Volcanic Ash and Business Disruption

By Dave Sobel  |  Print this article Print

I never thought I'd make the statement: "Volcanic ash has affected my business." But it has.

Volcanic ash. I never thought that I’d make this statement, but "Volcanic ash has affected my business".

With my involvement with Heartland Technology Groups (HTG), I am coordinating the meeting agenda for HTG11, made up of solution providers from the United Kingdom and Ireland. And with their flights starting on Saturday to the United States, we’re uncertain how travel will work. As I write this, testing is still underway.

Backup plans are already in motion, so we have options when we are ready to make a final decision. But ultimately, I’m doing a lot of tracking of volcanic ash.

The world is a whole lot smaller than it used to be, and we generally assume this is the way it always is. It’s not difficult to have a video conference with someone anywhere on the planet, communicate electronically in near real time, get news from anywhere in an incredibly timely fashion.

Disruptions, however, are even more devastating. Besides the trials of just moving people around for business – and I have a friend who took three extra days to get out of Europe to get home to Washington on Sunday – there are other implications of our ever growing dependence on moving things from one place to another. Pharmaceuticals are shipped around the planet to save lives. Mail travels to keep business flowing. Food comes from all over the planet. The list keeps going.

From an IT perspective, parts are produced all over the planet. Software in different locations. Our ability to trade and interact is incredibly interrelated.

It’s the disruptions that make you think about it more. For many in the United States, the impact isn’t something we think about on a regular basis. But we should. Our business, even in the small and midsized business, is incredibly tied to those around us, and the economy of the world is very tightly knit.

At the risk of sounding political – which isn’t my intention – it’s important to have a world view when we make our business decisions. What happens elsewhere in the world affects us all, and what we do affects others in the world. It’s important to look beyond and understand.

I’d challenge everyone to try getting their news from another source once in a while. A CNN junkie? Try the BBC. Watch Fox? Try The Australian. Reading this internationally? Try The Washington Post. (It’s my hometown paper, and pretty good.)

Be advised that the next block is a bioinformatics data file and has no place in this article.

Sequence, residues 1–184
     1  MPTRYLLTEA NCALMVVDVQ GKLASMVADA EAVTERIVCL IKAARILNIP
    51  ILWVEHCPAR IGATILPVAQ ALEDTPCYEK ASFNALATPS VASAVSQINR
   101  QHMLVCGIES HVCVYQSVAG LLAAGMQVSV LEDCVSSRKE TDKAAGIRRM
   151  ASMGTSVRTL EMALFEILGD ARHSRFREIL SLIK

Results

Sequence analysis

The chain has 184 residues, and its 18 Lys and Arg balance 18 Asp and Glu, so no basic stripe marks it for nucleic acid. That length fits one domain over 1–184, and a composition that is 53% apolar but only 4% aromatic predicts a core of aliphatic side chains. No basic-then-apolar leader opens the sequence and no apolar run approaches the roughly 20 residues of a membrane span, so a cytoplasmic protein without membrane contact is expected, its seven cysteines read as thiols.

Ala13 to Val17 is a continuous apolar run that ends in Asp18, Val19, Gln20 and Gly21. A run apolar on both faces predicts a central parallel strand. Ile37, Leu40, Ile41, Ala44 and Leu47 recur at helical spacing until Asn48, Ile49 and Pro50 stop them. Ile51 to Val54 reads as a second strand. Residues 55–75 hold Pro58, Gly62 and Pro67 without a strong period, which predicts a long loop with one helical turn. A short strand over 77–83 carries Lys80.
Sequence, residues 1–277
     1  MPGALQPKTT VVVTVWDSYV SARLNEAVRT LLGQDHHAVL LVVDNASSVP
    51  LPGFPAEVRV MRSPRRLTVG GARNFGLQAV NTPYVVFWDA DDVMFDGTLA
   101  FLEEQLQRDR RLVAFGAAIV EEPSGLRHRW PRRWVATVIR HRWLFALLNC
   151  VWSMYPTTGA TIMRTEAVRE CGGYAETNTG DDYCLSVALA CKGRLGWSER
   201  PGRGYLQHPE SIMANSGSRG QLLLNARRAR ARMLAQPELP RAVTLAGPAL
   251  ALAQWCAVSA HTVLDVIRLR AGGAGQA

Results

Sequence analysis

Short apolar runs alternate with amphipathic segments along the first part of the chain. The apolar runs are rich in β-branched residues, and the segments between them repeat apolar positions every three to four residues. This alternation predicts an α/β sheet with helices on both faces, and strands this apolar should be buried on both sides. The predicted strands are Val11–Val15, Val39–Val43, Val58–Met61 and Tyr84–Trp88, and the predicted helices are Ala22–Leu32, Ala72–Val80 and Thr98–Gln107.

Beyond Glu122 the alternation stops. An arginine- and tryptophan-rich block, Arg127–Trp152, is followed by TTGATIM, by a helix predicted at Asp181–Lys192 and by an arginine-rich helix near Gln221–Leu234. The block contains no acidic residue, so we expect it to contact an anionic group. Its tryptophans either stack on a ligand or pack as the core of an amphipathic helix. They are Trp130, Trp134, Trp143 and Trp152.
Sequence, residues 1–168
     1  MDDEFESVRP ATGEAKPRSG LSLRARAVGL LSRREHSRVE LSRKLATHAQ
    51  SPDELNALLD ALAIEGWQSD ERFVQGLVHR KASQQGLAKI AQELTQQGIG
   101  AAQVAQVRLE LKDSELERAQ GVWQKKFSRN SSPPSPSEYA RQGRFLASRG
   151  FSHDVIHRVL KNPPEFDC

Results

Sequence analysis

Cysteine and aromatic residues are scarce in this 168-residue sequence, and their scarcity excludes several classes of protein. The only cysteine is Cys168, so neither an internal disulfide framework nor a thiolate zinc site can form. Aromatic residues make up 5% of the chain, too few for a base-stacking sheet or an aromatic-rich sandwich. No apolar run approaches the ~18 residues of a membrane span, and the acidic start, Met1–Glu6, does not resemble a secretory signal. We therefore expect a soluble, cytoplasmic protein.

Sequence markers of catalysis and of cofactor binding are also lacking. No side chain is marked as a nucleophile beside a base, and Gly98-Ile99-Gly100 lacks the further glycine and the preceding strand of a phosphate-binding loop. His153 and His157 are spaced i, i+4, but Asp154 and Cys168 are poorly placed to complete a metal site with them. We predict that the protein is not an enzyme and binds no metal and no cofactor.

Because besides learning about other opinions, which is not a bad thing, it’s important to see the world beyond our own local businesses. Often as small business consultants, we focus just on a small area of our own world, and assume we’re not affected by other regions. It’s simply not true, and it’s short sighted to not try and understand more.

Reach out and touch someone, as the old slogan went. You can learn a lot, and use that to make more intelligent decisions about your own direction. Information is power, and more than ever, we have the ability to gain that power from the entire planet. It would be short sighted not to take advantage of that.

Dave Sobel is the founder and CEO of Evolve Technologies (www.evolvetech.com), a consulting firm that provides information technology and computer networking services to small businesses in Washington D.C., Maryland and Virginia.Evolve Technologies provides a wide array of services including server installation, virus protection, network security, backup services and complete information technology outsourcing. The first Microsoft Small Business Specialist located in the Washington, D.C. area, Evolve Technologies is a Microsoft Gold Certified Partner. Prior to founding Evolve Technologies, Sobel worked as a Web architect for a consulting company. He also has experience doing security, network and infrastructure design for Fortune 1000 companies. Sobel holds a bachelor's degree in Computer Science from the College of William and Mary. He can be reached at dave@evolvetech.com.